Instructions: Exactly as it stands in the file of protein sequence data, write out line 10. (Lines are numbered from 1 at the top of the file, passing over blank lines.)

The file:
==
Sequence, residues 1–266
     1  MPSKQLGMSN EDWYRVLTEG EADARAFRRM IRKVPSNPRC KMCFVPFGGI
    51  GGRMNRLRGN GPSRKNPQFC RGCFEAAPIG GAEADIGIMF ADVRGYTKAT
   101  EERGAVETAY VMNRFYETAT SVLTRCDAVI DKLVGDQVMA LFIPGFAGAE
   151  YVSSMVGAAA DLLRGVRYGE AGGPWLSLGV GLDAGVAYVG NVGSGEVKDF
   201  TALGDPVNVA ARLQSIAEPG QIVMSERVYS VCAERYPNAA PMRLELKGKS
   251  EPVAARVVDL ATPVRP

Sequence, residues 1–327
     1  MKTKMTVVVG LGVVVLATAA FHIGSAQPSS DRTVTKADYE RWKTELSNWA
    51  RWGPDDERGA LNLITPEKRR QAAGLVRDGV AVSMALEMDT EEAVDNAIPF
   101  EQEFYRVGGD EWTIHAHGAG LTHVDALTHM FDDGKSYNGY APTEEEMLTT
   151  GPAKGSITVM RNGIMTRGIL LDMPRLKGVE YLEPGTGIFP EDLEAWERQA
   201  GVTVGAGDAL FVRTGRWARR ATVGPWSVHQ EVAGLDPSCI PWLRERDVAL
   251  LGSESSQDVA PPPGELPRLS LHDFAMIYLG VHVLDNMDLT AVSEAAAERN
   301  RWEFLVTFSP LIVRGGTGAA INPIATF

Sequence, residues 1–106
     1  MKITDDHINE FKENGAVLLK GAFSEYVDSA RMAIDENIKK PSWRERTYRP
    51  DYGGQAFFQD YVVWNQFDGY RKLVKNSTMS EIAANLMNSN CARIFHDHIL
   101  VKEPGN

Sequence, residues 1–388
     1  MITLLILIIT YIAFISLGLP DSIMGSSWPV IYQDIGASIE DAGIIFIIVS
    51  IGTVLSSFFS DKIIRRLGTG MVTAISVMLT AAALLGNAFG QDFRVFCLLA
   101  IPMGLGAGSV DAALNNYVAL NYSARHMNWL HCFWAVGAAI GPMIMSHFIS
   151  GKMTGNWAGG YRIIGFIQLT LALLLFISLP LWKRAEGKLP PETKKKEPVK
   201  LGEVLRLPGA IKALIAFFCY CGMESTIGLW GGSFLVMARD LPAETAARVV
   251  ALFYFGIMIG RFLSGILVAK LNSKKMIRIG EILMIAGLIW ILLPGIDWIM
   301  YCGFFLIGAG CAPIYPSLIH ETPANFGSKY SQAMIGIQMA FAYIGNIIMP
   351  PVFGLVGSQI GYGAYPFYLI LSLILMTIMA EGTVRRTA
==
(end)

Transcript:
    51  RWGPDDERGA LNLITPEKRR QAAGLVRDGV AVSMALEMDT EEAVDNAIPF